Therefore, since under Section 112(b)(5) no gain was recognized to Bu-Vi-Bar upon its assignment of the installment contract to petitioner on December 30, 1930, Section 113(a)(8) commands that the basis of the contract to petitioner "shall be the same as it would be in the hands of" Bu-Vi-Bar. The deficiency assessment was lawfully made.

The decision of the Board of Tax Appeals is affirmed.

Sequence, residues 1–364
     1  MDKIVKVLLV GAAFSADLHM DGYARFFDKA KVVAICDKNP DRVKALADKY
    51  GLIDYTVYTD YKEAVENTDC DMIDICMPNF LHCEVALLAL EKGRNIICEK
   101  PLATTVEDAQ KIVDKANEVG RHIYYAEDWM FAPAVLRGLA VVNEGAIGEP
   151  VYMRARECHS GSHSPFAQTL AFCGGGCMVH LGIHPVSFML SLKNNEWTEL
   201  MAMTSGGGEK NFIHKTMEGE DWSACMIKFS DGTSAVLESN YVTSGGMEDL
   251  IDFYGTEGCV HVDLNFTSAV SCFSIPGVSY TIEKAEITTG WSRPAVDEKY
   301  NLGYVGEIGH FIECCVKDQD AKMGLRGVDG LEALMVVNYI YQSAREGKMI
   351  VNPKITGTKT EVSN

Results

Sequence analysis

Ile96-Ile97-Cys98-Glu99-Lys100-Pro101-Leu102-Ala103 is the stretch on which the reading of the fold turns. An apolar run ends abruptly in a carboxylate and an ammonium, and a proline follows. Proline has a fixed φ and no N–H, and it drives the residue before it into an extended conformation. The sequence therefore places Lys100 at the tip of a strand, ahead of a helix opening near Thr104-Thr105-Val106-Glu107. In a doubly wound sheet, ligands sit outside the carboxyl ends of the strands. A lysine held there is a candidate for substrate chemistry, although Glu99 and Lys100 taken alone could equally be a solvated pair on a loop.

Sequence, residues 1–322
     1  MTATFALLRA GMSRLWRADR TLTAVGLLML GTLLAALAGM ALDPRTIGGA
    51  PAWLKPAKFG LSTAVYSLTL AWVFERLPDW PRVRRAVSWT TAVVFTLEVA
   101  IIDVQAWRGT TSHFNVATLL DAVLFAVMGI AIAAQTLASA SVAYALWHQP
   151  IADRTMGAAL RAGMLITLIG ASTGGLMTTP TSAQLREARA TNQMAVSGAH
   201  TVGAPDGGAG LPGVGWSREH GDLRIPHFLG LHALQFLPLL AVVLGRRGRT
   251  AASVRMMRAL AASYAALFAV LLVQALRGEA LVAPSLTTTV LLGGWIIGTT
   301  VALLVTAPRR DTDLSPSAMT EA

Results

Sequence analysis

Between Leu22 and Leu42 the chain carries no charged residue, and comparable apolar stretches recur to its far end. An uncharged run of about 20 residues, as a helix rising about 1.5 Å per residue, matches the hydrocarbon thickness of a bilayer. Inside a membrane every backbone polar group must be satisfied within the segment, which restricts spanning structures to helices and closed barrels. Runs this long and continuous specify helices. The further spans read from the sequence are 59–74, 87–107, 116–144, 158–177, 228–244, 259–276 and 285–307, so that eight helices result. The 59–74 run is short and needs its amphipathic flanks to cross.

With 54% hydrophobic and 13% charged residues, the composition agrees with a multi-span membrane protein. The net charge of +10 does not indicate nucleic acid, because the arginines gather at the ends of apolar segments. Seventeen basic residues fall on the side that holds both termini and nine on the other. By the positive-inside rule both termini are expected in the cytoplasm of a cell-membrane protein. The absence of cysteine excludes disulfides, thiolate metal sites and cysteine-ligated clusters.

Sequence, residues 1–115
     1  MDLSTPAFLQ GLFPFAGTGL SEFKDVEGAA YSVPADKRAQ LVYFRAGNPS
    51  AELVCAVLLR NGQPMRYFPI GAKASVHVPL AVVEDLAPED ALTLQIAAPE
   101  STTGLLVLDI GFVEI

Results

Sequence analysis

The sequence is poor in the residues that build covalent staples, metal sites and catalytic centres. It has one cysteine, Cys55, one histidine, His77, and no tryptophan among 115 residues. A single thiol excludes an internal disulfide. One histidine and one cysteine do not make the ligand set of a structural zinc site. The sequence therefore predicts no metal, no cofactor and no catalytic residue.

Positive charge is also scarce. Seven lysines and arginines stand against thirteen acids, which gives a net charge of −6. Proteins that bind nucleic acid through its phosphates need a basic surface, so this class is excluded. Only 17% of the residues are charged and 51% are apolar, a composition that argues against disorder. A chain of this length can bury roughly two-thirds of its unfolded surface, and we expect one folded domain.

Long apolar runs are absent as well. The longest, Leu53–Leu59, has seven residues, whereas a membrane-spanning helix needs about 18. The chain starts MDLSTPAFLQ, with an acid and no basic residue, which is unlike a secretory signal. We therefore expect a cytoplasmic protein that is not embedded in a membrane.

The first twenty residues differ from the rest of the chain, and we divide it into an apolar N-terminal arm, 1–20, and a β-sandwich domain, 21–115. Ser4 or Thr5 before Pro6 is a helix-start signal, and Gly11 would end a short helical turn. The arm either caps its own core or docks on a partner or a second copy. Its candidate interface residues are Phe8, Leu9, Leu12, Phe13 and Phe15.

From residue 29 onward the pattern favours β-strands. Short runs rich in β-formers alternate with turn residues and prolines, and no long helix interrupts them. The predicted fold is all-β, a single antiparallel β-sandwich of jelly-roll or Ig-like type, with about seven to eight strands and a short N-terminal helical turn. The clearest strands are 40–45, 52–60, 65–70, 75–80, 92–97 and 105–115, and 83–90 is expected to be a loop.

1. "Revenue Act of 1928, c. 852, 45 Stat. 791: "Sec. 44. Installment Basis. "(a) Dealers in personal property. - Under regulations prescribed by the Commissioner with the approval of the Secretary, a person who regularly sells or otherwise disposes of personal property on the installment plan may return as income therefrom in any taxable year that proportion of the installment payments actually received in that year which the gross profit realized or to be realized when payment is completed, bears to the total contract price. "(b) Sales of realty and casual sales of personalty. - In the case (1) of a casual sale or other casual disposition of personal property (other than property of a kind which would properly be included in the inventory of the taxpayer if on hand at the close of the taxable year), for a price exceeding $1,000, or (2) of a sale or other disposition of real property, if in either case the initial payments do not exceed 40 per centum of the selling price, the income may, under regulations prescribed by the Commissioner with the approval of the Secretary, be returned on the basis and in the manner above prescribed in this section. As used in this section the term 'initial payments' means the payments received in cash or property other than evidences of indebtedness of the purchaser during the taxable period in which the sale or other disposition is made. "(d) Gain or loss upon disposition of installment obligations. - If an installment obligation is satisfied at other than its face value or distributed, transmitted, sold, or otherwise disposed of, gain or loss shall result to the extent of the difference between the basis of the obligation and (1) in the case of satisfaction at other than face value or a sale or exchange - the amount realized, or (2) in case of a distribution, transmission, or disposition otherwise than by sale or exchange - the fair market value of the obligation at the time of such distribution, transmission, or disposition. The basis of the obligation shall be the excess of the face value of the obligation over an amount equal to the income which would be returnable were the obligation satisfied in full. "Sec. 111. Determination Of Amount Of Gain Or Loss. "(a) Computation of gain or loss. - Except as hereinafter provided in this section, the gain from the sale or other disposition of property shall be the excess of the amount realized therefrom over the basis provided in section 113, and the loss shall be the excess of such basis over the amount realized. "(c) Amount realized. - The amount realized from the sale or other disposition of property shall be the sum of any money received plus the fair market value of the property (other than money) received. "(d) Recognition of gain or loss. - In the case of a sale or exchange, the extent to which the gain or loss determined under this section shall be recognized for the purposes of this title, shall be determined under the provisions of section 112. "(e) Installment sales. - Nothing in this section shall be construed to prevent (in the case of property sold under contract providing for payment in installments) the taxation of that portion of any installment payment representing gain or profit in the year in which such payment is received. "Sec. 112. Recognition Of Gain Or Loss. "(a) General rule. - Upon the sale or exchange of property the entire amount of the gain or loss, determined under section 111, shall be recognized, except as hereinafter provided in this section. "(b) Exchanges solely in kind. - "(3) Stock for stock on reorganization. - No gain or loss shall be recognized if stock or securities in a corporation a party to a reorganization are, in pursuance of the plan of reorganization, exchanged solely for stock or securities in such corporation or in another corporation a party to the reorganization. "(4) Same - Gain of corporation. - No gain or loss shall be recognized if a corporation a party to a reorganization exchanges property, in pursuance of the plan of reorganization, solely for stock or securities in another corporation a party to the reorganization. "(5) Transfer to corporation controlled by transferor. - No gain or loss shall be recognized if property is transferred to a corporation by one or more persons solely in exchange for stock or securities in such corporation, and immediately after the exchange such person or persons are in control of the corporation; but in the case of an exchange by two or more persons this paragraph shall apply only if the amount of the stock and securities received by each is substantially in proportion to his interest in the property prior to the exchange. "(i) Definition of reorganization. - As used in this section and sections 113 and 115 - "(1) The term 'reorganization' means (A) a merger or consolidation (including the acquisition by one corporation of at least a majority of the voting stock and at least a majority of the total number of shares of all other classes of stock of another corporation, or substantially all the properties of another corporation), or (B) a transfer by a corporation of all or a part of its assets to another corporation if immediately after the transfer the transferor or its stockholders or both are in control of the corporation to which the assets are transferred, or (C) a recapitalization, or (D) a mere change in identity, form, or place of organization, however effected. "(2) The term 'a party to a reorganization' includes a corporation resulting from a reorganization and includes both corporations in the case of an acquisition by one corporation of at least a majority of the voting stock and at least a majority of the total number of shares of all other classes of stock of another corporation. "(j) Definition of control. - As used in this section the term 'control' means the ownership of at least 80 per centum of the voting stock and at least 80 per centum of the total number of shares of all other classes of stock of the corporation. "Sec. 113. Basis For Determining Gain Or Loss. "(a) Property acquired after February 28, 1913. - The basis for determining the gain or loss from the sale or other disposition of property acquired after February 28, 1913, shall be the cost of such property; except that - "(6) Tax-free exchanges generally. - If the property was acquired upon an exchange described in section 112(b) to (e), inclusive, the basis shall be the same as in the case of the property exchanged, decreased in the amount of any money received by the taxpayer and increased in the amount of gain or decreased in the amount of loss to the taxpayer that was recognized upon such exchange under the law applicable to the year in which the exchange was made. If the property so acquired consisted in part of the type of property permitted by section 112 (b) to be received without the recognition of gain or loss, and in part of other property, the basis provided in this paragraph shall be allocated between the properties (other than money) received, and for the purpose of the allocation there shall be assigned to such other property an amount equivalent to its fair market value at the date of the exchange. This paragraph shall not apply to property acquired by a corporation by the issuance of its stock or securities as the consideration in whole or in part for the transfer of the property to it; "(7) Transfers to corporation where control of property remains in same persons. - If the property was acquired after December 31, 1917, by a corporation in connection with a reorganization, and immediately after the transfer an interest or control in such property of 80 per centum or more remained in the same persons or any of them, then the basis shall be the same as it would be in the hands of the transferor, increased in the amount of gain or decreased in the amount of loss recognized to the transferor upon such transfer under the law applicable to the year in which the transfer was made. This paragraph shall not apply if the property acquired consists of stock or securities in a corporation a party to the reorganization, unless acquired by the issuance of stock or securities of the transferee as the consideration in whole or in part for the transfer; "(8) Same - Corporation controlled by transferor. - If the property was acquired after December 31, 1920, by a corporation by the issuance of its stock or securities in connection with a transaction described in section 112(b)(5) (including, also, cases where part of the consideration for the transfer of such property to the corporation was property or money, in addition to such stock or securities), then the basis shall be the same as it would be in the hands of the transferor, increased in the amount of gain or decreased in the amount of loss recognized to the transferor upon such transfer under the law applicable to the year in which the transfer was made". 26 U.S.C.A. §§ 44, 111, 112, 113 note